When the advertisements on buses declare "This Ain't Your Daddy's Mozart" in reference to a run of Così fan tutte, one certainly should be prepared for something outlandish. Jonathan Miller's production opened late last month at Seattle Opera, and it is certainly both hilarious and bizarre in a way that many contemporary offerings are not. At least he is engaging the audience, quite opposite of Robert Wilson or Anna Viebrock. Sadly, the performance lost steam by Act II, the plot is less absurd and more disturbing, and the buoyancy was significantly reduced in the second half.
The super titles for this production were exceedingly loose in their translation, and made the audience laugh pretty much throughout the performance, simply because it was clear that the words on the screen were not the words coming out of their mouths. "Bella vita militar!" was rendered "Come join the army!" and "Io non so se son Valacchi o se Turchi son costor." was something like "Are they from California or Aberdeen?" (a far cry from Walachia or Turkey). It was unclear whether or not the libretto was changed in all cases, because the laughter often obscured the words and the diction of the singers was not particularly good. I suppose this was a novel shift, how perfectly post-modern to make the super titles a focal point of the opera!
The costumes and staging were brought into modern day. Instead of being a maid, Despina is a personal assistant. She brings Dorabella and Fiordiligi Starbucks lattes instead of hot chocolate. Ferrando and Guglielmo wear UN uniforms to battle, and later, instead of pretending to be indeterminate foreigners from east of Naples, they are from Federal Way, WA. Except for the very first scene, the action all takes place in a single room with white walls, with one doorway in the middle, a few white upholstered chairs, a coffee table, a pile of white cushions, and a pink upholstered couch with a white sheet over most of it. This means the chorus is never seen, and their singing is rather muffled. As for the choreography, it involved much dancing about and air guitar.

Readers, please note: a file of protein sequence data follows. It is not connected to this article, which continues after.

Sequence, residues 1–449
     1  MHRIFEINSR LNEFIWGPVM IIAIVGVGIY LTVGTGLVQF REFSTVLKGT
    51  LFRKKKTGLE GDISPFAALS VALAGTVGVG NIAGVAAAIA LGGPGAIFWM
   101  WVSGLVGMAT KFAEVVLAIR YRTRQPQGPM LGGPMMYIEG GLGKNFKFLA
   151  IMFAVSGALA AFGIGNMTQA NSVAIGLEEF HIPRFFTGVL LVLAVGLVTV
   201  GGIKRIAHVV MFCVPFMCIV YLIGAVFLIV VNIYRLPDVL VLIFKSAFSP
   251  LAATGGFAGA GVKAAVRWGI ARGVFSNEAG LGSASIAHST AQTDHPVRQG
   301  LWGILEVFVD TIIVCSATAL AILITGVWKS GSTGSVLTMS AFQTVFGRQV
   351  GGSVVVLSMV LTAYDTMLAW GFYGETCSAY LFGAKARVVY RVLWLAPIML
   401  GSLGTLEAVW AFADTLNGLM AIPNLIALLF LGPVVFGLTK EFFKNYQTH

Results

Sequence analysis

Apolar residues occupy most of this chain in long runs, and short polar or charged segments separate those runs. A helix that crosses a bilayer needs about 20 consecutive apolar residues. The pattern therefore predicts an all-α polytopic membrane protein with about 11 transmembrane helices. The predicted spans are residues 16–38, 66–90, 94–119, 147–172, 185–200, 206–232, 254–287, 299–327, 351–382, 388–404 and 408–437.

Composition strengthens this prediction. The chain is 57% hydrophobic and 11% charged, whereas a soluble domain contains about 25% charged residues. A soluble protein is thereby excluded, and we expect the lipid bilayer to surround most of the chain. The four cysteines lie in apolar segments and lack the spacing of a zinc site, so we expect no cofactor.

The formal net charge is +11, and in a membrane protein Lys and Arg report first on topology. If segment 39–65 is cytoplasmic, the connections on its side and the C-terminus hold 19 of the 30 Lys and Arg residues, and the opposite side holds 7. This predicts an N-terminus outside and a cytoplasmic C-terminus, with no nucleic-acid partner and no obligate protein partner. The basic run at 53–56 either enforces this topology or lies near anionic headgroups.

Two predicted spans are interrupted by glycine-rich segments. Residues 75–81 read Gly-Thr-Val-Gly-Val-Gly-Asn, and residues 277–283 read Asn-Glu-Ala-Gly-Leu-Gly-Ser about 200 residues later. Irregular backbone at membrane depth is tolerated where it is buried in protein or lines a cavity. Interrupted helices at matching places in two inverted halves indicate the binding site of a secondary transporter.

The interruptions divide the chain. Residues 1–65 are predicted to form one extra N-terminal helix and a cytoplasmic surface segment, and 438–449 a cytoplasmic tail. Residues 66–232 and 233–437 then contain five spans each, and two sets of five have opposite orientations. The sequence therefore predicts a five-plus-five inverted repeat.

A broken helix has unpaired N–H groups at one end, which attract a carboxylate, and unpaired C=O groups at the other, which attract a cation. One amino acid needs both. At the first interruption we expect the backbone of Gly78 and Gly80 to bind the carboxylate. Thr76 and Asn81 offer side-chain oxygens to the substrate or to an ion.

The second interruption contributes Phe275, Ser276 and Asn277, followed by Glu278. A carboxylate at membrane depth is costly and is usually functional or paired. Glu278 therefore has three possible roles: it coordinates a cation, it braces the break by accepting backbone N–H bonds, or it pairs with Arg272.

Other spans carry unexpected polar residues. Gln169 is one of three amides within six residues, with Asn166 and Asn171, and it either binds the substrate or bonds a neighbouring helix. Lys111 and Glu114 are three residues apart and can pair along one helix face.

This production would have been much better if the singers were with the orchestra. Perhaps it was the lack of souffler, but at least three of the singers were off from the music at various times during the performance. There are only six parts, so that is definitely a poor showing. It seems that the director was more interested in being witty and not as concerned with something as basic as having one's singers sing in correct time with the orchestra. Taken as a whole, the singers seemed quiet, in the dress circle, where the acoustics should be at their best, there were times when I had to strain to hear. This was the alternate cast, so perhaps the regular cast was better. Frances Lucey sang a charming Despina, her part is not particularly difficult as far as singing. Jessica Jones did not quite have the low range for Fiordiligi, her voice cracked slightly when she jumped down in "Come scoglio immoto resta." Don Frazure was decent as Ferrando, it is nice to have a tenor that isn't awful. Maria Zifchak (Dorabella) and David Adam Moore (Guglielmo) acted well but did not have exceptional voices.